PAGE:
Following the conclusion of state and municipal budget deliberations, RIPEC brings you a brief update on public policy developments in Rhode Island.
RIPEC on Public Policy
- Commenting on the recently enacted $13.6 billion state tax and spending plan for fiscal year (FY) 2023, RIPEC President and CEO Michael DiBiase praised the infusion of $100 million in federal American Rescue Plan Act (ARPA) funding into the state’s unemployment insurance trust fund. DiBiase also noted that rising inflation has helped to boost state revenues in the short term but is likely to put upward pressure on expenditures in future budget years.
- Michael DiBiase appeared on WRPI 12’s Newsmakers to discuss the ongoing efforts of Rhode Island municipalities and school districts to effectively spend ARPA funds without creating continuing spending obligations, among other topics.
- RIPEC Manager of Research Justine Oliva told The Boston Globe that May economic data for Rhode Island gives a mixed perspective on the state’s recovery from the COVID-19 pandemic. While a 2.9 percent unemployment rate is “extraordinary,” only 90 percent of Rhode Island jobs lost during the pandemic have been recovered, which trails the national rate of 97 percent, Oliva said.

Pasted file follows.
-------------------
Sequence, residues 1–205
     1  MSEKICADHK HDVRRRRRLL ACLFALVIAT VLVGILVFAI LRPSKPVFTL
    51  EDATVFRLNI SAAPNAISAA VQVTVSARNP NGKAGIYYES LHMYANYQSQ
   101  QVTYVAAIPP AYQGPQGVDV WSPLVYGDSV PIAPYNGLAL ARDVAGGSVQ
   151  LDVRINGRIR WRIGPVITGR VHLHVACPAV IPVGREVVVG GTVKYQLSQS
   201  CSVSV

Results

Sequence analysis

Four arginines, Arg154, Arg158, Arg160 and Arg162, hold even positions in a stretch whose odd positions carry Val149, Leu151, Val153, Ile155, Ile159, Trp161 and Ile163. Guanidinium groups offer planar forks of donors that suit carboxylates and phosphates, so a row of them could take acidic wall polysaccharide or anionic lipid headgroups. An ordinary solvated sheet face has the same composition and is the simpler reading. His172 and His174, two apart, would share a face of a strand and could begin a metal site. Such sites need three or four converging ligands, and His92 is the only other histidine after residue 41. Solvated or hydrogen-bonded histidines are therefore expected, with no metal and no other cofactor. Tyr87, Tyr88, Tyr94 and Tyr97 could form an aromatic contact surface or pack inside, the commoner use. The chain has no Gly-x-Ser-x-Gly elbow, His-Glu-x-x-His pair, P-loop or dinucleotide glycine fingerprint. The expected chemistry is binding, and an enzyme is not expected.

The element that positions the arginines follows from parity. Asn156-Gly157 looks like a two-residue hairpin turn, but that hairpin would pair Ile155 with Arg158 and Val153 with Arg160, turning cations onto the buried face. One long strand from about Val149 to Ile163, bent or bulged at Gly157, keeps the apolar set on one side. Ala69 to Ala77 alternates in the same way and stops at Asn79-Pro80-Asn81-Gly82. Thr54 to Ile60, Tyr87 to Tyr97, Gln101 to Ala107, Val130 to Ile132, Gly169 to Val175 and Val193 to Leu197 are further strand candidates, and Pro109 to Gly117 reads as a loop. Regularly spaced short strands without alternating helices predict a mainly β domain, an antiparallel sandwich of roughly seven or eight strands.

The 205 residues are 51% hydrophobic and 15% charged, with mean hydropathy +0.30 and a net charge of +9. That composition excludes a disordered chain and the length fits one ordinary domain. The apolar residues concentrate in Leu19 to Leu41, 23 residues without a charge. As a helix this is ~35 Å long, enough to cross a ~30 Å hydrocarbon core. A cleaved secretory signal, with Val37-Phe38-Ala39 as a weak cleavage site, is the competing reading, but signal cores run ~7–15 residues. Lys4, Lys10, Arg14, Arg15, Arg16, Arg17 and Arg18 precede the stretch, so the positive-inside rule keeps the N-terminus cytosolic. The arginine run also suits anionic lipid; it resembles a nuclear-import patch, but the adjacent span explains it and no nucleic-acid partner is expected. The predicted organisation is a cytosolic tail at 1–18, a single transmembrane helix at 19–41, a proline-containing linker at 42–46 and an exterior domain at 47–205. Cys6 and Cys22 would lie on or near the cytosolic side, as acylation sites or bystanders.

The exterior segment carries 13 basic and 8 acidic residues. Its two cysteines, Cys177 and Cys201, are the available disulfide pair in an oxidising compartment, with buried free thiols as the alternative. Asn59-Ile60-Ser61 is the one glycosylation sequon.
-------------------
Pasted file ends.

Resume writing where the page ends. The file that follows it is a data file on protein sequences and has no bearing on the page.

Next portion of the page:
- Michael DiBiase spoke with WJAR 10 about proposed delays in municipal property revaluations, which make property tax systems less equitable by locking in outdated property valuations and “not taking account of increases.” Earlier this year, RIPEC published a report analyzing the imbalances characteristic of Rhode Island’s property tax systems.
- While there is a wide range of forecasts on the prospect of a recession, economists generally see a rising probability that the U.S. economy will shrink, according to a recent article in The New York Times.
- The National Association of State Budget Officers’ Spring 2022 Fiscal Survey of States shows that states are anticipating general revenue growth to slow to 1.4 percent in FY 2023, compared to 3.2 percent growth in FY 2022. The FY 2023 figure includes the impacts of state-level tax policy changes, which are projected to reduce general revenues by $14.1 billion, or 1.3 percent.
- The Providence City Council approved a budget for FY 2023 that puts the city’s tax structure more out of balance by increasing the homestead exemption for resident homeowners and thereby shifting the tax burden further onto renters and businesses.
What to Look for in July
- RIPEC and the Center for Global and Regional Economic Studies at Bryant University will release their Key Performance Indicators economic briefing for the third quarter of 2022.
- RIPEC will publish its analysis of the recently enacted state budget for FY 2023 and the state’s fiscal outlook.